BEIJING (Reuters) - China on Monday denied accusations by Taiwan that a ban on pineapples from the island was about politics, saying it was purely a matter of biosecurity, in an escalating war of words that has added to existing tensions.
China announced the ban last week, citing "harmful creatures" it said could come with the fruit, threatening China's own agriculture.
Taiwan, which China claims as its own territory, says there is nothing wrong with its pineapples and that Beijing is using the fruit as another way to coerce the island.
China's Taiwan Affairs Office said the decision was "totally rational and necessary" and that customs had a responsibility to prevent diseases carried by plants from entering the country.
"The Democratic Progressive Party (DPP) authorities have deliberately misrepresented and maliciously interpreted technical issues, taking the opportunity to attack and discredit the mainland," it said, referring to Taiwan's ruling party.
The DPP has neither the will nor the ability to solve practical problems, and they can only evade their own responsibility by "slandering the mainland", it added.
While Taiwan is best known internationally for exporting semiconductors, the sub-tropical island has a thriving fruit industry developed when it was a Japanese colony, and last year more than 90% of its exported pineapples went to China.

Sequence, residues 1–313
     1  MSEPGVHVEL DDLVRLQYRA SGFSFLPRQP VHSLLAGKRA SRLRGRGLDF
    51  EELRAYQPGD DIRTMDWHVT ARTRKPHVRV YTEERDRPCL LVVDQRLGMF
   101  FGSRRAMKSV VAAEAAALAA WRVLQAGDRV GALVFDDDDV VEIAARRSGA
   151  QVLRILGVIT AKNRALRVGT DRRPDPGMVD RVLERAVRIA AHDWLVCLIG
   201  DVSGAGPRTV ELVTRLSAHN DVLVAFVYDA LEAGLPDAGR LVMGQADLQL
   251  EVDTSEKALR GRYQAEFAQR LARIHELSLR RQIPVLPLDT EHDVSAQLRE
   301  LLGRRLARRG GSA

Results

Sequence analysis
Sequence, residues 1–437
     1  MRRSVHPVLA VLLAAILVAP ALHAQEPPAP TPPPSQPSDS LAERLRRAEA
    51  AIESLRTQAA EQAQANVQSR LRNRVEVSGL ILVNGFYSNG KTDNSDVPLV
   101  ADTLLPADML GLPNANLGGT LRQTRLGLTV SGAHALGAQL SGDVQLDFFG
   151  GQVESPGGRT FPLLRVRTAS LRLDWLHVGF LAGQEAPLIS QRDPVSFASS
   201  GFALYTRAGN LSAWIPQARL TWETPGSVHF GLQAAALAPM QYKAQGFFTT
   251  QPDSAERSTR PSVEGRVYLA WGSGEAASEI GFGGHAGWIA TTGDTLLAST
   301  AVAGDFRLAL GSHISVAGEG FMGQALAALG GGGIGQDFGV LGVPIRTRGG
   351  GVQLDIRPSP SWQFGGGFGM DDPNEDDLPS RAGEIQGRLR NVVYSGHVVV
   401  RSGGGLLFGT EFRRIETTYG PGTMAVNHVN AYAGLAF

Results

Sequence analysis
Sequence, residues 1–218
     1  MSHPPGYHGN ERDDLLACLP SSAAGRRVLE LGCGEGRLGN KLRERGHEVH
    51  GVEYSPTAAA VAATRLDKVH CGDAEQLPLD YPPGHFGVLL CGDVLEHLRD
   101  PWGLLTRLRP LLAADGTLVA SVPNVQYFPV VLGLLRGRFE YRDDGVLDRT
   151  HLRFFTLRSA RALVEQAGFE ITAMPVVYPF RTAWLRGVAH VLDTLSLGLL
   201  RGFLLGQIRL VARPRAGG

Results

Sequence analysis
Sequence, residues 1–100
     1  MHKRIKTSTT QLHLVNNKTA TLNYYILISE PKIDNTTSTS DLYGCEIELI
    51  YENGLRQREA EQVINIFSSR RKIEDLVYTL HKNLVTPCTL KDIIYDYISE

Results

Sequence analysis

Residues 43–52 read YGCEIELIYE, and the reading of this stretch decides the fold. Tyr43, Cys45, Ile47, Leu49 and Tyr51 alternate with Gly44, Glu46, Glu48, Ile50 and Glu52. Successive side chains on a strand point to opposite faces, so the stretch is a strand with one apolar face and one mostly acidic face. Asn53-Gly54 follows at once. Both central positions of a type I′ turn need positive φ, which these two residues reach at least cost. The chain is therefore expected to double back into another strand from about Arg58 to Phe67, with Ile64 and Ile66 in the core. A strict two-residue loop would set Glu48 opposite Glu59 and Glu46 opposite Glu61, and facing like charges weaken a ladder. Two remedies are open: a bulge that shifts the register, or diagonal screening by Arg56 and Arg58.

Politicians have rallied behind pineapple farmers, posting pictures of themselves in fields with farmers and tucking into the fruit on their social media pages, encouraging domestic consumers to pick up the slack.
The government has also been asking Taiwanese companies to make bulk purchases, and looking for alternative export markets.
President Tsai Ing-wen on Sunday visited a pineapple farm in southern Taiwan, where the bulk of the fruit is grown and where the DPP traditionally enjoys strong support.
China has ramped up pressure to get Taiwan to accept Chinese sovereignty, including regularly flying fighter jets and bombers near Taiwan or into its air defence identification zone.
(Reporting by Beijing newsroom; Writing and additional reporting by Ben Blanchard in Taipei; Editing by Nick Macfie)